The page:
It seems like a lot of the time the game development process is: 1) make an engine that enables killer screenshots; 2) bang together some levels that will take "long enough" for people to complete to justify the game purchase. Portal could have gone that route, and used the gimmick to bang out some portal-jumping levels. But instead the designers demonstated a lot of creativity and a great attention to detail. There's a craft and vision to it that seems rare these days.
Thursday, November 1, 2007
The weekly Escobedo game night has started having a pub quiz, where one person writes some questions and brings a prize, and everyone else tries to answer them. Angela took it up a notch by adding a bingo element, where the question numbers cooresponded to a bingo grid. After all the questions were read, the answers were read in random order, and if you got one right you could mark the appropriate spot on your bingo grid, trying to get a bingo. It was a nice twist, and worked really well.
The next week it was my turn, and I came up with 13 zombie-inspired questions for Halloween. The side game took place after players wrote down their answers, as follows:
- Each round, each person gets 2 zombies.
- An answer is read. If you get it right, kill 3 zombies of your choice.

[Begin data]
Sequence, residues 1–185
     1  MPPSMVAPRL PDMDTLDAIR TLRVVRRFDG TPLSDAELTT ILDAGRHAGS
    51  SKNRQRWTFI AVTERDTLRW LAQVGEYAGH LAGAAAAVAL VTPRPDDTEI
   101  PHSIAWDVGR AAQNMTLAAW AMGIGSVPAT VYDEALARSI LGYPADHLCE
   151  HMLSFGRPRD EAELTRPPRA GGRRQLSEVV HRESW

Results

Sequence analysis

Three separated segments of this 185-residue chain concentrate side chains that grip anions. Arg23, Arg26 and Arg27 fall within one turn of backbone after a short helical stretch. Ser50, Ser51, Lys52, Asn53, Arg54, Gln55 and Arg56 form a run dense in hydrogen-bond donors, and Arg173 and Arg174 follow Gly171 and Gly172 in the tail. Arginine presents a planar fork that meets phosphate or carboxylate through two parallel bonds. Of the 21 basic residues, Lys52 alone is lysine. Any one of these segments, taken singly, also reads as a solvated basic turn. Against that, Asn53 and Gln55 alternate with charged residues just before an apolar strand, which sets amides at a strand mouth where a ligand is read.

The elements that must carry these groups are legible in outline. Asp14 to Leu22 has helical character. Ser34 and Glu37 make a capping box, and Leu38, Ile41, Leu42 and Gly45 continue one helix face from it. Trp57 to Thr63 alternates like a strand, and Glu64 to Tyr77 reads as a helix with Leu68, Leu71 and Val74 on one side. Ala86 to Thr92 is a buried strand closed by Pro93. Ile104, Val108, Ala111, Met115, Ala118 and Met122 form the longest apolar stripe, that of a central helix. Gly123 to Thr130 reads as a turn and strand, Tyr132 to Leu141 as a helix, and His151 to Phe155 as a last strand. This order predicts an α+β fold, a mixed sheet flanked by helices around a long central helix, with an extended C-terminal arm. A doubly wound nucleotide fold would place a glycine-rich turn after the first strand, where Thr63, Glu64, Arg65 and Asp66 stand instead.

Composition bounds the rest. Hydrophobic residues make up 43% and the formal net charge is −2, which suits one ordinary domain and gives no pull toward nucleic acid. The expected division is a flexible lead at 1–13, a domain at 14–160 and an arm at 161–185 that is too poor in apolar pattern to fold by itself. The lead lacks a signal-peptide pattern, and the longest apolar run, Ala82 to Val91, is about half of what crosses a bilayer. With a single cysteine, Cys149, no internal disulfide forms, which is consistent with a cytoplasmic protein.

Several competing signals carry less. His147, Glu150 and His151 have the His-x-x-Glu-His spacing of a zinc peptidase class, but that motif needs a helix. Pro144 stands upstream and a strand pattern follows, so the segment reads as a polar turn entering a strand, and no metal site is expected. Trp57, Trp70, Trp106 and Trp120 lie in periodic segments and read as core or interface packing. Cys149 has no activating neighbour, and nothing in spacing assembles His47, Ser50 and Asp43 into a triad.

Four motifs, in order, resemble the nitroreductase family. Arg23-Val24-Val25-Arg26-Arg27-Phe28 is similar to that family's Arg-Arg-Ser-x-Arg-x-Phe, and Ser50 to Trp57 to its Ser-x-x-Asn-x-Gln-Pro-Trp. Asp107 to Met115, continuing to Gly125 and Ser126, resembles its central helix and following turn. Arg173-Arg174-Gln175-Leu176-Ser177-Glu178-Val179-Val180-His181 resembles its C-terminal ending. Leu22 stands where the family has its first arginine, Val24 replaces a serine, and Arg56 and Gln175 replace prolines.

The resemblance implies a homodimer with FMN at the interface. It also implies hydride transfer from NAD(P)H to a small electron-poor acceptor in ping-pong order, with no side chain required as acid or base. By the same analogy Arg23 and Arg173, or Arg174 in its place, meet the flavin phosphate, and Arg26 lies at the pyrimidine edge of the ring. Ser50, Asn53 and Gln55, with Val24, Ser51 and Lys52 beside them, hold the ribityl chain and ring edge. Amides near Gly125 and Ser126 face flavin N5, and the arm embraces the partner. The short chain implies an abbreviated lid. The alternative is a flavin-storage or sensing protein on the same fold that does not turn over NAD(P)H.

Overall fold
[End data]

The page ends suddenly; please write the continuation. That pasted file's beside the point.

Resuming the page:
- Each player gets one card off the top of a traditional deck of cards for each zombie they have left in front of them.
Cards are face-down, but when a player gets 5 red cards they die. Dead players' zombies go away, but their future allotment of two zombies are split among their neighbors. So it can be in your best interest to kill adjacent players' zombies and keep them alive. Or just be sitting next to better trivia players :)
In my case, whoever survived the longest won the side prize, though the main, do-the-quiz-next-week winner was still whoever got the most questions right in the end.
Balancing it was tricky, since the whole game could be over in like 4 rounds if nobody got the first handful of questions, and I didn't want everyone to survive to the end - but I didn't know how tough my questions were going to be for people. But everyone died around question 9, which was acceptable, if a little bit too fast. Once the first person dies, things get out of control fast, but that seems about right. It might need tweaking to really work.
Anyway, you could theoretically play it with any old trivia cards, competitively or cooperatively, but I don't know if its really all that fun, execpt as a twist on just-trivia. It does sort of make me want to build a cooperative trivia game, somewhat in the spirit of the cooperative pictionary game. On some level, the basic premise is the same: each turn each player succeeds-or-not at some test, then outer game conditions get better or worse as a result.
As a bonus, here's my notes I jotted down, containing my questions and the answers - Robin was the winner with a score of 9 out of 13, beating Garik on the tiebreaker, though Garik got the last laugh by winning the Zombie portion by a nose. It seems like there should be a joke there, but there's not.
Questions - Answers
Thursday, October 25, 2007
Game: The Legend of Zelda: Phantom Hourglass